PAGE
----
March 28th, 2005, 01:11 PM
As an unpleasant Easter suprise :sad:, my sons new puppy found and ate one of those tiny little chocolate eggs yesterday afternoon. It had been hidden for their daughters egg- hunt, but not retrieved.
Because of the holiday, they wound up having to take her to an emergency animal clinic, where the vet said too much time had elapsed to do anything but to just watch her closely - sent her home.
Just talked to my daughter-in-law - the dog is fine, suffered no ill effects.
I dont know how much chocolate an animal can eat before it becomes a serious health hazard?
The puppy is just ten weeks old, a mini-doxie that weighs only about 2 or 3 pounds, I'd say.
An upsetting (and expensive) lesson for these new dog owners. Candy hidden will be found... :(
March 28th, 2005, 01:21 PM
I have heard that 2 oz of dark and 7 oz of milk can be fatal to a medium sized dog. But it depends on the dog aswell. My friend's dog at a chocolate sculpture (2KG of semi sweet!!!) and they didn't even notice a change in him, whereas my great-aunt's dog ate a small box of turtles and died... They aren't even that chocolatey...
March 28th, 2005, 01:24 PM
well I guess it depends on the chocolate, the size of the dog and the size of the chocolate.
I had put out the chocolate the night before and locked the dog in with me. When I woke up and came out my stepdaughter said she was finished finding them all but I found like 3 others that she was missing. Luckily they were high up and I made sur ethe dog wasn't let out till I got up. Just have to be careful.
March 28th, 2005, 02:23 PM
The dark chocolate - particularly baking chocolate - is most harmful - but too much milk chocolate can also be lethal - weight, health, how much eaten all must be considered - and a trip to the vet in every case of course. Lesson to be learned - a mini Dachshund will find any food item - no matter where it is hidden. Top kitchen cupboard being no exception - all you need is a cat who can follow orders. Or a chair that can access the counter so that puppy dog can swing himself up. The voice of experience speaking here. Really happy that puppy is okay.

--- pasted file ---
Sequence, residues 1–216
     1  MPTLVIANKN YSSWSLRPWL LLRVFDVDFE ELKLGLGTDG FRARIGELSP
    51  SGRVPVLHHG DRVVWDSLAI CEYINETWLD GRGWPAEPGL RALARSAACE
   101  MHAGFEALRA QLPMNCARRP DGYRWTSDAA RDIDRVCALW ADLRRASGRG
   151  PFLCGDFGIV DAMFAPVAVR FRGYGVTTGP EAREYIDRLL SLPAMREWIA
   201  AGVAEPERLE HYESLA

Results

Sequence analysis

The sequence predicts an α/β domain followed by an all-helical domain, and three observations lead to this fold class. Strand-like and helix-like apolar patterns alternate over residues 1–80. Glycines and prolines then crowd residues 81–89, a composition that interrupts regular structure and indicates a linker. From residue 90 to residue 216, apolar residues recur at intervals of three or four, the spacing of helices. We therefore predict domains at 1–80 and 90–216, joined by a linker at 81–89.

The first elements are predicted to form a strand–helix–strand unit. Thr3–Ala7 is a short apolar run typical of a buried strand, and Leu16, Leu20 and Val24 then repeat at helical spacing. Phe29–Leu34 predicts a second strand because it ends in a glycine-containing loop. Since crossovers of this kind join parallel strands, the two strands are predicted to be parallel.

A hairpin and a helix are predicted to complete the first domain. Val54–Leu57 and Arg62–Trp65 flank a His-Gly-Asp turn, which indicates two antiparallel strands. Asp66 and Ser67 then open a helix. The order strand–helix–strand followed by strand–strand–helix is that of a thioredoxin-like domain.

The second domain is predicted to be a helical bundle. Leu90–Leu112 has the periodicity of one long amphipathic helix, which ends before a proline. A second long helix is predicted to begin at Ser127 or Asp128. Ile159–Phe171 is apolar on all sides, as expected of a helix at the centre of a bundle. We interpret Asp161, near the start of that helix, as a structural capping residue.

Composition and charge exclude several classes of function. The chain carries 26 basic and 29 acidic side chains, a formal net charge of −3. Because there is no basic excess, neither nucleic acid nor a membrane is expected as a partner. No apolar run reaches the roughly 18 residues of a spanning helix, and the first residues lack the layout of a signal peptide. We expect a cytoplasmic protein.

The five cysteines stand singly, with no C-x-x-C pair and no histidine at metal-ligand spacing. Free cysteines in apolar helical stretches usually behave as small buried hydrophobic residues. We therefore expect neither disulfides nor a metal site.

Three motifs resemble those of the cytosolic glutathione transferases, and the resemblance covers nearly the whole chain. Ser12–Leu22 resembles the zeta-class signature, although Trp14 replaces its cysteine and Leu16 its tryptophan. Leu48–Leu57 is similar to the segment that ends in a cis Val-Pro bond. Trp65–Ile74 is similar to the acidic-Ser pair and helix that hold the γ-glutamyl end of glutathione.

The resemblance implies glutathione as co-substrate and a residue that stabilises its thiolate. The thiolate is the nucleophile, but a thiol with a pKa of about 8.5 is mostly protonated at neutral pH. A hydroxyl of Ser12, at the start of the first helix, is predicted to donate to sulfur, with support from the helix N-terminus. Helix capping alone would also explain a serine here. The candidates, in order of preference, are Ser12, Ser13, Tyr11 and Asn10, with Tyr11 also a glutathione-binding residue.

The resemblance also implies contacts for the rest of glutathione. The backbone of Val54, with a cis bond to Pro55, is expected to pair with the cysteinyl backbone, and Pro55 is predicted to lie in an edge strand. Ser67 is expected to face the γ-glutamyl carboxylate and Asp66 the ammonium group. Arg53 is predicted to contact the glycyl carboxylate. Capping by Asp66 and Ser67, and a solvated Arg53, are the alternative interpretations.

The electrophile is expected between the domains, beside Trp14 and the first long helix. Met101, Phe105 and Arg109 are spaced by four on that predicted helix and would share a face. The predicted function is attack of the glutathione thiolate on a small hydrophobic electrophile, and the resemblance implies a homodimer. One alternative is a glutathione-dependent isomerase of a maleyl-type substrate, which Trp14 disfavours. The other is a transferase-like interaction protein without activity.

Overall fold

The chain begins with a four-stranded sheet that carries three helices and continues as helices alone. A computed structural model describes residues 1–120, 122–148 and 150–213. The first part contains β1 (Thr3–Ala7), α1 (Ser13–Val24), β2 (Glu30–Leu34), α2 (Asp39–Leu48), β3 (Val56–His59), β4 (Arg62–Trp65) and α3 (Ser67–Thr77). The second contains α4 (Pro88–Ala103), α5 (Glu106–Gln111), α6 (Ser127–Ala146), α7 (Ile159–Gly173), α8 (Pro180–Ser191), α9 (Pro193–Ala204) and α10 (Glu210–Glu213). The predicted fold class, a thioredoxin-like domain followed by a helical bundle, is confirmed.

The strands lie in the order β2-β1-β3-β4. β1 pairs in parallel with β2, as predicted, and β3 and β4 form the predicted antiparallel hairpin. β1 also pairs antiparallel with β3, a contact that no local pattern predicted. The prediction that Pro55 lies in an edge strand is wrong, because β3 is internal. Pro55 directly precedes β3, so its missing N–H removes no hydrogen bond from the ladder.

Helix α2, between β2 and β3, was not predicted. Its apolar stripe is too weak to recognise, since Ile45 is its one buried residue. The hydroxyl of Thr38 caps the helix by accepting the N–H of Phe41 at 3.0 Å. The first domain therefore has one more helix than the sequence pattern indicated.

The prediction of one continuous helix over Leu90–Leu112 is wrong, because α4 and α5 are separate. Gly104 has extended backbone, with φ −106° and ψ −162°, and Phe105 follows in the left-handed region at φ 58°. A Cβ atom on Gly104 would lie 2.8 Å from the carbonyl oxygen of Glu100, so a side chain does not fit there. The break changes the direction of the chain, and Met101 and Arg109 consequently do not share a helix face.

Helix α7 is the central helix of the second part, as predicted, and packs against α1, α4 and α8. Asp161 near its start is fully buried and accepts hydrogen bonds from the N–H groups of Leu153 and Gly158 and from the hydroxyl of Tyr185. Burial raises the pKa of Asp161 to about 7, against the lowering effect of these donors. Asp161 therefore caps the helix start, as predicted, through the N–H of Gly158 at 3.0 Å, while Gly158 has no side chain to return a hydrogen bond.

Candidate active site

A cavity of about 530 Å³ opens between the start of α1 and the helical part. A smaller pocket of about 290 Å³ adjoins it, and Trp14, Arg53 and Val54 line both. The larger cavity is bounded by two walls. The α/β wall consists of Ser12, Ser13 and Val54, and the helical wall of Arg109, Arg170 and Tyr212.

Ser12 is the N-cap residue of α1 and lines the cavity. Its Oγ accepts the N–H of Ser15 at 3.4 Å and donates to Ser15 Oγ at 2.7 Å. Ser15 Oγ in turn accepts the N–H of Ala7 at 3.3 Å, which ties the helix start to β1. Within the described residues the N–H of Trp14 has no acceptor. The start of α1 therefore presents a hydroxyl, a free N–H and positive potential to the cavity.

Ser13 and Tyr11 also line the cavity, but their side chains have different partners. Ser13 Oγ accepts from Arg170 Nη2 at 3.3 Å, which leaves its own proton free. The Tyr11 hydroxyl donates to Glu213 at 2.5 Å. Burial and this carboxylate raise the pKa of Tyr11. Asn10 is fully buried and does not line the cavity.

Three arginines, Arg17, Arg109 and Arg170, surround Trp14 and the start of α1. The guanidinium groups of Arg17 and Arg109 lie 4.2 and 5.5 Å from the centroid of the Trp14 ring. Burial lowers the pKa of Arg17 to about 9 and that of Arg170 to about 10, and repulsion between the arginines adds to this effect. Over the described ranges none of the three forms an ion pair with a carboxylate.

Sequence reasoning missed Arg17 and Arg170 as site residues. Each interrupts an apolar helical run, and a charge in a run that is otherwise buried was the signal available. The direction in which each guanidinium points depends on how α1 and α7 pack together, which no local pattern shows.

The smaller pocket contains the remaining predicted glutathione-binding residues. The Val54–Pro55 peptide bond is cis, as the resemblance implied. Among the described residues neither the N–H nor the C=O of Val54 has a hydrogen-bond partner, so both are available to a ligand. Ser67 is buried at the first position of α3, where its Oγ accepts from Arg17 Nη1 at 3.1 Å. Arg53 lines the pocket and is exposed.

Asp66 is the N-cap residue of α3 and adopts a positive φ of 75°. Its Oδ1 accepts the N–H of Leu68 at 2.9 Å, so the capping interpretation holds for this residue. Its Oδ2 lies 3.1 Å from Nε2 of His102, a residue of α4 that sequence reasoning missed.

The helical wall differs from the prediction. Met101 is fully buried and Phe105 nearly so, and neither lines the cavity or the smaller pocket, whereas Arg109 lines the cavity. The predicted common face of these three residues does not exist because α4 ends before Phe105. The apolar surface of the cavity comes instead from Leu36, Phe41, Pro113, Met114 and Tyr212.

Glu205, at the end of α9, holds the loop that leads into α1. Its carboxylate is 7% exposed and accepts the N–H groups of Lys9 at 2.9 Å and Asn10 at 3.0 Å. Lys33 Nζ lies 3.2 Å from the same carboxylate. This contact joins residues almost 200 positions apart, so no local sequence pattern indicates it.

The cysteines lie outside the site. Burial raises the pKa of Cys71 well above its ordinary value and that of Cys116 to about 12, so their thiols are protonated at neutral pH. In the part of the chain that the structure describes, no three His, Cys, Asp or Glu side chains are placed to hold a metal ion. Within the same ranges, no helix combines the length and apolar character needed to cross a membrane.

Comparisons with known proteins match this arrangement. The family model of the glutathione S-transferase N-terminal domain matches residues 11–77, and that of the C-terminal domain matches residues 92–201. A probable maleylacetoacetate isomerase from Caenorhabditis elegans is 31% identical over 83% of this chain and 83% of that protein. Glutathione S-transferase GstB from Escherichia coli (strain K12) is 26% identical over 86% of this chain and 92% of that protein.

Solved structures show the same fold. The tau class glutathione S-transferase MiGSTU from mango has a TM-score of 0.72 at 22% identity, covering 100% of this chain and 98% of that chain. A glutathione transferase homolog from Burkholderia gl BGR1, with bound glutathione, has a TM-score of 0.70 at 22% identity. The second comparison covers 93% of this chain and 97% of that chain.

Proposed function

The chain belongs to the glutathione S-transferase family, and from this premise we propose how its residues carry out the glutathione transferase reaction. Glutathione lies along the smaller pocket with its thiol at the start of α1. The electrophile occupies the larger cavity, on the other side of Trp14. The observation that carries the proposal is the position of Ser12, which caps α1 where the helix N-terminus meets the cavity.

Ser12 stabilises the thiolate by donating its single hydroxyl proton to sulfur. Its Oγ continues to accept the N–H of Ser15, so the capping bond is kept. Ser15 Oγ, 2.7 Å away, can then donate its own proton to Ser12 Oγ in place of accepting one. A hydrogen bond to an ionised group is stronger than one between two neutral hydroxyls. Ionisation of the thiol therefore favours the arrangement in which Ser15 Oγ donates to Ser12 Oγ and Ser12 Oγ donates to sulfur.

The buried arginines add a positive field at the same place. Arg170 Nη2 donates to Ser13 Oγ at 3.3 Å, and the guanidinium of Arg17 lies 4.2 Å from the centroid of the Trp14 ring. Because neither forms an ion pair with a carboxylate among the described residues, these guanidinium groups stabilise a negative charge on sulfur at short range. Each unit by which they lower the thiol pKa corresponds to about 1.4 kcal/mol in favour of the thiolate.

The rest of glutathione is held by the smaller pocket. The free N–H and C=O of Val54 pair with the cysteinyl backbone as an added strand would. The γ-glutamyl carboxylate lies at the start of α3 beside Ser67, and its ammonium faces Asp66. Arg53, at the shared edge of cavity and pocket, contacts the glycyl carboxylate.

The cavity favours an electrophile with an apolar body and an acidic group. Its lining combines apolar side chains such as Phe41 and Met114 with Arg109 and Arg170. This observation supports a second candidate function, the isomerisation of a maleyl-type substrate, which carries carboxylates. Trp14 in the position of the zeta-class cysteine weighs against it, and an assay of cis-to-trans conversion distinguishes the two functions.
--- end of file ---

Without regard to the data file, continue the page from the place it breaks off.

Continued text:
March 28th, 2005, 02:30 PM
I am going to see them this afternoon, so have done a netsearch and printed out some info on this to give to her. (not that this would even happen again now)
It's not just the size of the dog, but the type of chocolate consumed.. white chocolate being the least toxic, bakers chocolate the most.
Its all to do with theobromine.
A quote from one site:
"To answer the question "How much is too much" is not simple. The
health and age of your dog must be considered. Obviously if your dog is aged and not in top shape, his reaction to a plate of chocolate is going to be different from a young healthy dog of the same weight.
Another fact that must be considered is this: Not all chocolate
is the same. Some has a small amount of theobromine; another type has a large amount and still another contains an amount that is somewhere in between.
The quantity has a relationship with the weight of your dog. Small dogs can be poisoned, it is easy to understand, from smaller amounts of theobromine than large dogs.
Which chocolate is the safest, relatively speaking? White
chocolate. It has the least amount of theobromine: 1 mg per ounce.
Far on the other side of the spectrum is baking chocolate, which has a
huge 450 mg of theobromine per ounce!
Here are a few other chocolates for you to ponder:
-hot chocolate, 12 mg of theobromine per ounce;
-milk chocolate, 60 mg/oz; and up there near baking chocolate
-semi-sweet chocolate with 260 mg/oz.
Knowing which chocolate is the most toxic is important, but
leaves one wondering how much must be eaten to poison a dog.
List of 4 items
White chocolate: 200 ounces per pound of body weight. It takes
250 pounds of white chocolate to cause signs of poisoning in a 20-pound dog,125 pounds for a 10-pound dog.
Milk chocolate: 1 ounce per pound of body weight. Approximately
one pound of milk chocolate is poisonous to a 20-pound dog; one-half pound for a 10-pound dog. The average chocolate bar contains 2 to 3 ounces of milk chocolate. It would take 2-3 candy bars to poison a 10 pound dog. Semi-sweet chocolate has a similar toxic level.
Sweet cocoa: 0.3 ounces per pound of body weight. One-third of
a pound of sweet cocoa is toxic to a 20-pound dog; 1/6 pound for a 10-pound dog.
Baking chocolate: 0.1 ounce per pound body weight. Two
one-ounce squares of bakers' chocolate is toxic to a 20-pound dog; one ounce for a 10-pound dog"
These scales may vary from site to site and different sources and should certainly be considered a very rough guideline ONLY.
When it comes to such serious matters as a possible poisoning, a vet's opinion on the exact nature of the circumstances and the pet in question would be absolutely mandatory in EVERY case.